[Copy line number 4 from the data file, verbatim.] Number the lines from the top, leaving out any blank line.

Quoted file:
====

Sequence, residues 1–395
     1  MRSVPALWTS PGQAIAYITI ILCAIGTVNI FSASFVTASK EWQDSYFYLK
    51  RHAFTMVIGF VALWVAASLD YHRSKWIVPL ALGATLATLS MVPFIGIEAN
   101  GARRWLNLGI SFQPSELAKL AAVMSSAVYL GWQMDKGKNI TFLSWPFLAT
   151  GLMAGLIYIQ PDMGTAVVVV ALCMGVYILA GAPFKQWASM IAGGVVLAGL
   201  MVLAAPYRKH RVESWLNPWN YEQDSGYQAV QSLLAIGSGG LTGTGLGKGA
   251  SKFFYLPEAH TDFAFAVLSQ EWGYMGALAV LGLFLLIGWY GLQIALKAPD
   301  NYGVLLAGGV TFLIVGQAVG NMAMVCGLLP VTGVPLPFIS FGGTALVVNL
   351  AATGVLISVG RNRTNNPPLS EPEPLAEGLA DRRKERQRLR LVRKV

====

   101  GARRWLNLGI SFQPSELAKL AAVMSSAVYL GWQMDKGKNI TFLSWPFLAT